NHL: Players under contract in minors can't go to Olympics

Rufina Vignone
Agosto 8, 2017

Given the opportunity to save face with some players still hopeful to compete in the 2018 Winter Olympics, the National Hockey League is drawing a hard line: No one, not even minor leaguers signed to two-way contracts, will be permitted to represent their country in Pyeongchang.

NHL deputy commissioner Bill Daly confirmed to The Associated Press on Monday that all players under contract to that league will be treated the same. That means rosters for the United States, Canada and other global hockey powerhouses will be stocked entirely by minor leaguers, collegians and others playing overseas.

The NHL announced in April that it will not be stopping its season to participate in that competition. Players on AHL-only deals are eligible to compete in the Olympics. The AHL said earlier this summer that general managers could decide to allow players on AHL contracts to play in South Korea. Those players loaned to European teams wouldn't be playing the season on their NHL contracts, which is the same situation for those on entry-level deals in Canadian major junior leagues.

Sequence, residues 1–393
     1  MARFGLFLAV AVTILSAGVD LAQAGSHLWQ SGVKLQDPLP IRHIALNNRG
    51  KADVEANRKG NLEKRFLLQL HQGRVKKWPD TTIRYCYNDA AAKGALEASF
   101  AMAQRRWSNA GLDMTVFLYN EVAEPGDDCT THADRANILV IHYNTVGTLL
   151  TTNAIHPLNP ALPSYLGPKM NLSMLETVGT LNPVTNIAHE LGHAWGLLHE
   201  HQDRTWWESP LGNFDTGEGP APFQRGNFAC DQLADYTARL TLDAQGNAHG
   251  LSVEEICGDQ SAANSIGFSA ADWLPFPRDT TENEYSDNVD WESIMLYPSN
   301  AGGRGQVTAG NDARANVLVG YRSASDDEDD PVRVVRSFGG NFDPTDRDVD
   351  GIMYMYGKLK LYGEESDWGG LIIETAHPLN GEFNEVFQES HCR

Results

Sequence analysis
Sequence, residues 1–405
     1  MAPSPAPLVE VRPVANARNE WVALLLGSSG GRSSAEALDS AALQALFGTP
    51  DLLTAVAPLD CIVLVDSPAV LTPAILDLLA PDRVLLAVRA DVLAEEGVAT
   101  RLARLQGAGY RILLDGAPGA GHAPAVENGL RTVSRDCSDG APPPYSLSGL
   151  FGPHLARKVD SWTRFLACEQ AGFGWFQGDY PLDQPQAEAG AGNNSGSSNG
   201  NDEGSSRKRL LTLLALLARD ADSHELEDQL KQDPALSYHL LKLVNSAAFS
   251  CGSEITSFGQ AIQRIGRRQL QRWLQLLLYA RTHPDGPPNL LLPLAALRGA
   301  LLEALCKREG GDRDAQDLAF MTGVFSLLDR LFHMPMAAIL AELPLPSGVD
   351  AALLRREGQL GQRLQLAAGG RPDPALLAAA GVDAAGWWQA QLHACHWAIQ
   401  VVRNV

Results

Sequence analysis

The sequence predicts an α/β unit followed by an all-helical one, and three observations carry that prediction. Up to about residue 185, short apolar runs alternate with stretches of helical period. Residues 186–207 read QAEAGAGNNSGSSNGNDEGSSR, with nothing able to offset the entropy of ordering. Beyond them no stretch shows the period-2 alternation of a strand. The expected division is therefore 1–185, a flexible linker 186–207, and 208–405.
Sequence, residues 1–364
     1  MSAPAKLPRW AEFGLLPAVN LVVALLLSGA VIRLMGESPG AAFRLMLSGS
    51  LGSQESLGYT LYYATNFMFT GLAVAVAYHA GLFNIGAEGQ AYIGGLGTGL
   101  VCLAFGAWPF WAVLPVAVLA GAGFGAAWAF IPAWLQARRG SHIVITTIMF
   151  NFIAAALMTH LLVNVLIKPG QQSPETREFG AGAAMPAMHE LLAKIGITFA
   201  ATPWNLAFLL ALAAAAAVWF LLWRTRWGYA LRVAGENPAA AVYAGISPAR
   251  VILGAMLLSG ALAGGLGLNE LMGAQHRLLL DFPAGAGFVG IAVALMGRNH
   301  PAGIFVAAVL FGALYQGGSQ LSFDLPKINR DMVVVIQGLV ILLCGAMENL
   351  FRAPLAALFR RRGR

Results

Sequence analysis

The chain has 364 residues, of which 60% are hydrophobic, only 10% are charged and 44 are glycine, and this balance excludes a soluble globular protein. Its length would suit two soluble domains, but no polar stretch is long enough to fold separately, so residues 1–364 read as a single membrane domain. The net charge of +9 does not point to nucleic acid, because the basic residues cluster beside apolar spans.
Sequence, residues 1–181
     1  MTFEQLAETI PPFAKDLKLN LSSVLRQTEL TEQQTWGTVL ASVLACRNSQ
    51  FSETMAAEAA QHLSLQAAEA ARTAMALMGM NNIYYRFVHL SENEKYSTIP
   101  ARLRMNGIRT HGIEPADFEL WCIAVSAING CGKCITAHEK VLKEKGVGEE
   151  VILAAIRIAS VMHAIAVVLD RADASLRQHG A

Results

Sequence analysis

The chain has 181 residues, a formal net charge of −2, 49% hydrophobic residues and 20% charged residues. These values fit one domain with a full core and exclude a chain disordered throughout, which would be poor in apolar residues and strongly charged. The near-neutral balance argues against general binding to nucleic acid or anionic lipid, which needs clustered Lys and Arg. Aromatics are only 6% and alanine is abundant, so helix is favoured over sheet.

Jim Johannson, USA Hockey's assistant executive director of hockey operations and the US general manager for the 2018 Olympics, said that organization will honor its partnership with the NHL and not put anyone under contract in its player pool. A gray area surrounded those playing in the AHL or ECHL on a two-way deal, with the National Hockey League yet to rule definitively on a possible exemption. Chris Bourque, son of Hockey Hall of Famer Ray Bourque, and goaltender John Muse are examples of US -born players on AHL contracts who could be selected. Canada, as it showed with rosters for two exhibition tournaments in Russian Federation this week, will lean heavily on European-based players with others mixed in.

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